Damodaram Sanjivayya

All this indicates problematic trends in Indian politics as a whole. West Bengal, where Scheduled Castes consist of 23.5% of the total population, has never seen a chief minister hailing from the Scheduled Caste communities. Bengal politics has mostly been dominated by Bengali Hindu upper castes.

Andhra Pradesh’s SC population share is 16% but Damodaram Sanjivayya has been the only SC Chief Minister the state has had till now.

In Bihar, in 2014, Jitan Ram Manjhi was sworn in as chief minister but after serving for nine months he was succeeded by Nitish Kumar. Interestingly, he was also the one who preceded him. Odisha and Rajasthan, where the Scheduled Caste population is around 17%, also depict the same trend.


Mayawati is the only leader to come to power in UP after earning a mandate. She is the product of the Dalit movement. And, fortunately, she is the only Scheduled Caste Chief Minister to complete the tenure of five years from 2007 to 2012. Earlier, she had come to power three times in 1995, 1997 and 2002, but couldn’t complete even one year in office.

The decision of inducting a Dalit Chief Minister in Punjab by the Congress compels us to take a glimpse of the history of Dalit Chief Ministers in the Congress regimes.

Damodaram Sanjiviyya became the Chief Minister of Andhra Pradesh in 1960 and was the first Scheduled Caste to become the chief minister of any Indian state. But he served only till 1962 and was succeeded by Neelam Sanjiva Reddy.

Jagannath Pahadia

Then in June 1971, Bhola Paswan Shastri was sworn in as Chief Minister of Bihar, but in January 1972, President’s rule was proclaimed in the state.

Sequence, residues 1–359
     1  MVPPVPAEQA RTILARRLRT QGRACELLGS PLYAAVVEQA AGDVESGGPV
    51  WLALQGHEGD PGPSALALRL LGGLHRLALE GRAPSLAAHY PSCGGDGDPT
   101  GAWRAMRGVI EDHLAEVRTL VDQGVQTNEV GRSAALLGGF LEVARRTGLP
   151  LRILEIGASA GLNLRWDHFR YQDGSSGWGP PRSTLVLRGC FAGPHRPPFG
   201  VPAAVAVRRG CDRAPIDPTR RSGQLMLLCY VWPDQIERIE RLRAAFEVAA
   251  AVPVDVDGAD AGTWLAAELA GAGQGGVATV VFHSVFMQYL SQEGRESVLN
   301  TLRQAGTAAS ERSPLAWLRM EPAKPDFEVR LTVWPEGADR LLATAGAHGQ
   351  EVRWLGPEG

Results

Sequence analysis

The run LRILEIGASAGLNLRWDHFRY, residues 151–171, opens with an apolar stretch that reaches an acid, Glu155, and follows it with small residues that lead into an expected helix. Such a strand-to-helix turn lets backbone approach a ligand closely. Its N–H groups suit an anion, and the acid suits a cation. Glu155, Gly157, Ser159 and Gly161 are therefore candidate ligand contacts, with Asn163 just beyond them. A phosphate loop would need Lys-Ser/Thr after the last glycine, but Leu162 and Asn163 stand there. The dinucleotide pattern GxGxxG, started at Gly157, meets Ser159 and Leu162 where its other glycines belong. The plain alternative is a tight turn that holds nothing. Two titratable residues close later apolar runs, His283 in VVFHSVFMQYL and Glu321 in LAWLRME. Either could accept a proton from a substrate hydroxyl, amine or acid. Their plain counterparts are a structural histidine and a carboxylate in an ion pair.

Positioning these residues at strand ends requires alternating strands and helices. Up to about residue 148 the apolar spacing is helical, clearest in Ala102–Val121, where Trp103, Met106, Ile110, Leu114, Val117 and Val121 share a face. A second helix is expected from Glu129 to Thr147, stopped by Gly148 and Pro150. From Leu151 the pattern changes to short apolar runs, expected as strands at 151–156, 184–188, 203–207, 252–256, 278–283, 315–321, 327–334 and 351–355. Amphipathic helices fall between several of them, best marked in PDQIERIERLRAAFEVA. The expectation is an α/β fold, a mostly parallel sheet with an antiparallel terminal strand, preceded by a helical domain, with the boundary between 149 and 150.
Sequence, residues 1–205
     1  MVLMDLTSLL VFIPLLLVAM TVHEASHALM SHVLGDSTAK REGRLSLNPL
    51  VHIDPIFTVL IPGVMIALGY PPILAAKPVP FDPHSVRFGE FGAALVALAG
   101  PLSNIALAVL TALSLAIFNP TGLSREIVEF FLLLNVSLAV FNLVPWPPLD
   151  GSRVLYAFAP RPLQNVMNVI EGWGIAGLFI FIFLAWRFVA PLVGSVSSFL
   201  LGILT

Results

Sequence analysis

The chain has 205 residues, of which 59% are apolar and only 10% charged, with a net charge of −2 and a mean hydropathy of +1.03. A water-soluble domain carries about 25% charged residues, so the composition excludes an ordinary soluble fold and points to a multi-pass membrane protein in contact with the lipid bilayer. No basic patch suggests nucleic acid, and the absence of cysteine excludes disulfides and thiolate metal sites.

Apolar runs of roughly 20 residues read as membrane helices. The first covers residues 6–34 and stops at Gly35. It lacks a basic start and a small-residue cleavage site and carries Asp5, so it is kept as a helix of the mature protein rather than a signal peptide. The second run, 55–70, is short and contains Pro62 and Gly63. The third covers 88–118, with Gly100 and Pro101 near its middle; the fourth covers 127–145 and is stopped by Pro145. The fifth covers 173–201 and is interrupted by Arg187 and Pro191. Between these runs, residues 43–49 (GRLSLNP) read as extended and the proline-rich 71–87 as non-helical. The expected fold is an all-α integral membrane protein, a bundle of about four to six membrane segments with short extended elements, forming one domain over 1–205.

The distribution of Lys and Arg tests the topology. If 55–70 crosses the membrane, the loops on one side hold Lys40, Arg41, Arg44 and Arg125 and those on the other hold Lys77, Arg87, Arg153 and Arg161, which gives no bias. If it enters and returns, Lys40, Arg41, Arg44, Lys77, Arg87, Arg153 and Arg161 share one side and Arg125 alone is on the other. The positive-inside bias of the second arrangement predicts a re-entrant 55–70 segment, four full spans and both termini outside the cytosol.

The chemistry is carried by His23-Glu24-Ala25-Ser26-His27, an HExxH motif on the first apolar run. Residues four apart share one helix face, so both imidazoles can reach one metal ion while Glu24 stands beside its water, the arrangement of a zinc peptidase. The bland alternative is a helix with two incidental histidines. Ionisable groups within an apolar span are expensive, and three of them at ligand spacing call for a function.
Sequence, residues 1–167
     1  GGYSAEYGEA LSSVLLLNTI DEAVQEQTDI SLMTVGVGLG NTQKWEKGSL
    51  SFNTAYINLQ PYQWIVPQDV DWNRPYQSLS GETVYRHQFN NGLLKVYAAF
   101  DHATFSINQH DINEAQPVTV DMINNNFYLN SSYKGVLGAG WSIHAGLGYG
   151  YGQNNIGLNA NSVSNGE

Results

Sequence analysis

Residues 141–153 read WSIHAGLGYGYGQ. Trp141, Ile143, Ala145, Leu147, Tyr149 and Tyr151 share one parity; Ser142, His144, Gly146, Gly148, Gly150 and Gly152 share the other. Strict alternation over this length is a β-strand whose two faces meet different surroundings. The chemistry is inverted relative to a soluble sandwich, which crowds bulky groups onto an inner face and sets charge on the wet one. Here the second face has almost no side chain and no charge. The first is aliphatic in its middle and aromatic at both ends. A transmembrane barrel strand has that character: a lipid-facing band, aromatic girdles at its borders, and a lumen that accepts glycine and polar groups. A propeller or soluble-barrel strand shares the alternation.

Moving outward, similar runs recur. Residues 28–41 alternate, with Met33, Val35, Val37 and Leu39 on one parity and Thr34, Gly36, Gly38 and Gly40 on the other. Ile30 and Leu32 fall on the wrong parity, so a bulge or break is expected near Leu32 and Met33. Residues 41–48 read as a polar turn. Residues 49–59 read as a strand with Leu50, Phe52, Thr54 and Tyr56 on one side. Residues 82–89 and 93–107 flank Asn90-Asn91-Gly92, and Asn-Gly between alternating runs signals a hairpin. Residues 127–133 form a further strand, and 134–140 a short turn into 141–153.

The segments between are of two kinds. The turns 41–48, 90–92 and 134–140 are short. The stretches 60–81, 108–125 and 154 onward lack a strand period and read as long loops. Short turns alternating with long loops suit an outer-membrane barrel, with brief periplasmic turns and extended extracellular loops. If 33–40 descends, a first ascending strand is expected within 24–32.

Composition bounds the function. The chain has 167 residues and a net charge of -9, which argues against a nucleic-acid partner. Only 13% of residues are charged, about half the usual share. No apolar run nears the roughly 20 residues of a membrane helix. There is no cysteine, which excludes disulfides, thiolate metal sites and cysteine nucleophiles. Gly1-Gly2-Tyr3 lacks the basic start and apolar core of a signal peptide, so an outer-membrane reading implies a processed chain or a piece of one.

Then, in June 1980, Jagannath Pahadia was sworn in as ninth Chief Minister of Rajasthan, but within a year, he was replaced by Shiv Charan Mathur.

In January 2003, Sushil Kumar Shinde was appointed Chief Minister of Maharashtra, but in November 2004, he was replaced by Vilasrao Deshmukh.

Sushil Kumar Shinde

He was the fourth Chief Minister from the Indian National Congress who could not remain in position for more than two years. Thus, it can be ascertained that Congress has treated chief ministers from Scheduled Castes community merely as caretaker chief ministers.

Whether Charanjit Channi will be continued as the chief minister of Punjab if the Congress again comes to power in the elections next year or discontinued like the other Congress Dalit chief ministers remain to be seen.

Dalit groups in Punjab see his appointment as vote bank politics because Dalits constitute 31.9% of the population (according to the 2011 Census, their population might have risen to 38% in 2021).

The community to which Channi belongs, that is the Ravidassia community, constitutes almost 60% of the total Dalit population in Punjab.


If Congress comes to power again and discontinues Channi as Chief Minister, it will prove the apprehensions of the Dalits that his appointment is just vote bank politics.

Does the Congress move of making Channi the Chief Minister of Punjab indicate a social change or is it just an attempt of social engineering? The answer to this question will only be known after the results of the Punjab Assembly Elections in March 2022.

If the Congress comes to power and Charanjit Singh Channi is retained as Chief Minister, then it will send the message of a positive socio-political change and if not, his name will be added to the examples of Scheduled Caste chief ministers who had allegiance to the Congress but couldn’t complete a single full term.

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Gurmangeet Kaur Pandey

Gurmangeet Kaur Pandey

The writer is a student of Political Science and Sociology.